Q&A: Should we fix or replace our old water heater?

Consumer Reports News: June 04, 2008 12:09 AM

Our storage-tank water heater is on the fritz. Should we get it fixed or buy a new one?

It depends on the nature of the problem and whether your water heater is still under warranty.

Storage-tank water heaters are fairly long-lived, and most are backed by a 10-year or longer warranty. But when one does give out, it usually happens suddenly; you’ll probably notice water leaking out through a corroded spot in the tank. (Note to self: The typical storage-tank water heater holds 40 gallons of water, and a hole in the tank is really the same as an open spigot—the water will keep flowing until you shut off the supply So consider buying a wet/dry vacuum to deal with this type of mess.)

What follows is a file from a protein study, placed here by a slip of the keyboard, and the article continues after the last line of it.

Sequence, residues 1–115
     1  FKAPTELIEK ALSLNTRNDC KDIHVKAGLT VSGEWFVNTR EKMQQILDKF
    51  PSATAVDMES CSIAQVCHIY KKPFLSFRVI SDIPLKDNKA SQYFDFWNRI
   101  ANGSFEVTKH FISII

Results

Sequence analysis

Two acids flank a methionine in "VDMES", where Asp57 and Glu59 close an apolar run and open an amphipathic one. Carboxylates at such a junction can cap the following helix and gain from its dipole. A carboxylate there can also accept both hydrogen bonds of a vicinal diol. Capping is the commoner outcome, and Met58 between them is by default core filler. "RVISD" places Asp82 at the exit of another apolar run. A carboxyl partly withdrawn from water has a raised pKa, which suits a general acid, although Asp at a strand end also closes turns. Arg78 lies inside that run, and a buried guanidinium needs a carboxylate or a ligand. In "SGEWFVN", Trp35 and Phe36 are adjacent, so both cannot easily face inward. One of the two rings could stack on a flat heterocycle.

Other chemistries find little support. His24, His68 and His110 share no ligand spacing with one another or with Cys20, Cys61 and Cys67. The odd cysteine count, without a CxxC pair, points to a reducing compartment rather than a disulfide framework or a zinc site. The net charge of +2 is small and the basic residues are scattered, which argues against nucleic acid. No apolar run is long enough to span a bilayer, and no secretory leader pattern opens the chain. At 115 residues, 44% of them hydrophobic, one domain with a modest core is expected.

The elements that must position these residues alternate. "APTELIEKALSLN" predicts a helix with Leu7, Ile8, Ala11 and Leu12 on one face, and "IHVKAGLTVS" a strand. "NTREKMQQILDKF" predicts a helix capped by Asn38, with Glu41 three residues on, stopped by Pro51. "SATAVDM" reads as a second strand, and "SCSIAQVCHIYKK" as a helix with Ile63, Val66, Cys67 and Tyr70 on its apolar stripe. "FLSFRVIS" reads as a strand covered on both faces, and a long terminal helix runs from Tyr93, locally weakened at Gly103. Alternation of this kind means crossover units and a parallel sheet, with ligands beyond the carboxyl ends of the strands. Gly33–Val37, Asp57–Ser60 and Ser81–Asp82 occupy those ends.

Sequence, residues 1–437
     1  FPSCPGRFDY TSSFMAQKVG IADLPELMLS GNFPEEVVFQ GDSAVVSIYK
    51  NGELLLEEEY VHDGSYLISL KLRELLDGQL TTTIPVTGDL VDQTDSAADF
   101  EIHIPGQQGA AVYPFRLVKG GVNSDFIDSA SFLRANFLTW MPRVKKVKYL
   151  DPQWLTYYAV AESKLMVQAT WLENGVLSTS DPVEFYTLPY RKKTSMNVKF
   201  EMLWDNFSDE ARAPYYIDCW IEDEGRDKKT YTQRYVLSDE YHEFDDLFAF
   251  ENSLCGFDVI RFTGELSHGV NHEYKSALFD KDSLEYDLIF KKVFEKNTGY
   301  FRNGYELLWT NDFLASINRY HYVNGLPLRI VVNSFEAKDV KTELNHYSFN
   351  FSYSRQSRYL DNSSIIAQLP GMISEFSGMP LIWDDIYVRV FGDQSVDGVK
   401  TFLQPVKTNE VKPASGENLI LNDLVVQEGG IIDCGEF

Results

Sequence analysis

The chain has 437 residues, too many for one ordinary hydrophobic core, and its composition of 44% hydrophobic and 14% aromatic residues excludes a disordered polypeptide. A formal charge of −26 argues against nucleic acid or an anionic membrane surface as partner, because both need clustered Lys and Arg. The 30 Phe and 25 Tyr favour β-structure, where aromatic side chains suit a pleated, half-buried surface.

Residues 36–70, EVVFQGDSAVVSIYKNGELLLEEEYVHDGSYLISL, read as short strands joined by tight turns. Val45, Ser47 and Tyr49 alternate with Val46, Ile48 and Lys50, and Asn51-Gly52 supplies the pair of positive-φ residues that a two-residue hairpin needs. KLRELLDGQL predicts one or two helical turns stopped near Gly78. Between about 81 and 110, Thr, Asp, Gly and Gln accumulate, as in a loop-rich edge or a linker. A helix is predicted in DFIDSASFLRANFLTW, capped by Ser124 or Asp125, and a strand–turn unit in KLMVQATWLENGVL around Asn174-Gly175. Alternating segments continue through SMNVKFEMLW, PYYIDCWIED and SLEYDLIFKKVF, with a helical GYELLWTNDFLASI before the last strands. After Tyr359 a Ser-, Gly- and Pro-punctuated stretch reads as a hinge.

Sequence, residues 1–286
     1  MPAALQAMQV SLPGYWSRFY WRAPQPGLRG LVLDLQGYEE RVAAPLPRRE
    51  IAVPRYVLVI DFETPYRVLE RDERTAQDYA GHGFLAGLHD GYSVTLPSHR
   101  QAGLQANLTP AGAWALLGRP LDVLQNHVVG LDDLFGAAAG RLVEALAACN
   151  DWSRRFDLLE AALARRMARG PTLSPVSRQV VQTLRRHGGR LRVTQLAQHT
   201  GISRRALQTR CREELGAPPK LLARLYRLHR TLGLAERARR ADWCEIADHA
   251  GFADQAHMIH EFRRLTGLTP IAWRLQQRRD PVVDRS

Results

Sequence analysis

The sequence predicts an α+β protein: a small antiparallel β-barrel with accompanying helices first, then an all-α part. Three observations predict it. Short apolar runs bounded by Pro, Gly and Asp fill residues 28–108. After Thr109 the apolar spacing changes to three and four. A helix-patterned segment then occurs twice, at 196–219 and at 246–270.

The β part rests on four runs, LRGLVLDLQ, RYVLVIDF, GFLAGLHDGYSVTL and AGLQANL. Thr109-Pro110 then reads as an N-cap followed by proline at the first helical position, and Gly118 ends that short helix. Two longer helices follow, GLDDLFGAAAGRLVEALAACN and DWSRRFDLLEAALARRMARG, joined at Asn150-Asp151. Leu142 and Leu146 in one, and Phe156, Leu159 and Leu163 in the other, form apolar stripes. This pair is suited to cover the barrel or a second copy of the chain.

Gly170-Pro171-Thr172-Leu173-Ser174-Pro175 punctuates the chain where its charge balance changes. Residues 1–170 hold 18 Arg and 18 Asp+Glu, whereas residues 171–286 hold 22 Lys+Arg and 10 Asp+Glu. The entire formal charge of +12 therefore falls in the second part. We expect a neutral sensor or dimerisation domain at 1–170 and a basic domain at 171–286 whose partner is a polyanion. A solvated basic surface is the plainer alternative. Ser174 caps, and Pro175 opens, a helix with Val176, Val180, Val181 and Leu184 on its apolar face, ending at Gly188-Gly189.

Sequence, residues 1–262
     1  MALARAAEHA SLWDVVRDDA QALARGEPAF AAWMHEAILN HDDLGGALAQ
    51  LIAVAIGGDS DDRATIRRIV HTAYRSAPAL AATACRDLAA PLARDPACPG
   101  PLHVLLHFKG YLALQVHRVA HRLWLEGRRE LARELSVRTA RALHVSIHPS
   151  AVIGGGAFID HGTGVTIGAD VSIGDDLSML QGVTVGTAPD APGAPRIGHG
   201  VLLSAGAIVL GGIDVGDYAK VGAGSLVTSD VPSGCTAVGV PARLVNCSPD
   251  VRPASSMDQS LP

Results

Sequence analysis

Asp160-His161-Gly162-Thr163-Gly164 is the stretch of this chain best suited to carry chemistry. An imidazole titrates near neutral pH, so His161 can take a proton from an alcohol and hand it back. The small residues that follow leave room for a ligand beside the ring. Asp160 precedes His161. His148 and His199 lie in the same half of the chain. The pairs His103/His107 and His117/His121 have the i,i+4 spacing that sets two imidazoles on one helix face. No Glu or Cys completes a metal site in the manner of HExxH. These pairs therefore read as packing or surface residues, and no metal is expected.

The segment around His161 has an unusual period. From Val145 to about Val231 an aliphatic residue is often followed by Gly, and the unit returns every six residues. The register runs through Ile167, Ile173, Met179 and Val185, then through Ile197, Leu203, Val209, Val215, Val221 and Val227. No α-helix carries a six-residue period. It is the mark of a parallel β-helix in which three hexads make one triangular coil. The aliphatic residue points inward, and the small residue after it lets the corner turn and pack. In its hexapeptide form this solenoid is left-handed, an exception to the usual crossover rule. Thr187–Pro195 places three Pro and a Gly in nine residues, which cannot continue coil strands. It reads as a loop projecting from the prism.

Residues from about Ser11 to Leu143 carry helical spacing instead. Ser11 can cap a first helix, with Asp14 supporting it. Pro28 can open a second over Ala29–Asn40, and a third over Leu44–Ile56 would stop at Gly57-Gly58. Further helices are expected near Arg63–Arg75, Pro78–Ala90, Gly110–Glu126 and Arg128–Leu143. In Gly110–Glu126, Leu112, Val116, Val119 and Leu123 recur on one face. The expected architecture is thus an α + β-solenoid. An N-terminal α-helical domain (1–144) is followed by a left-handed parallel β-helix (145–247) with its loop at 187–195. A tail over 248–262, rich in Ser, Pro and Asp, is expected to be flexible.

While you can’t salvage a corroded, leaking tank, a leaky drain valve or temperature/pressure-relief valve or a worn-out electric heating element can be repaired. But replacing the heater might make more sense.

First, get a repair estimate. Then weigh that amount against the $500 to $600 you’ll pay for a new heater and its installation. The $100 per hour you’ll pay a plumber for a repair will quickly add up to the cost of a new water heater. So put your money toward installing a new unit, especially if the warranty on your current model has expired.

Essential information: Learn more water heaters, including details on buying a new model. Read about actor/activist Ed Begley Jr.'s energy-efficiency efforts, and look for our report on tankless water heaters in the October 2008 issue of Consumer Reports.

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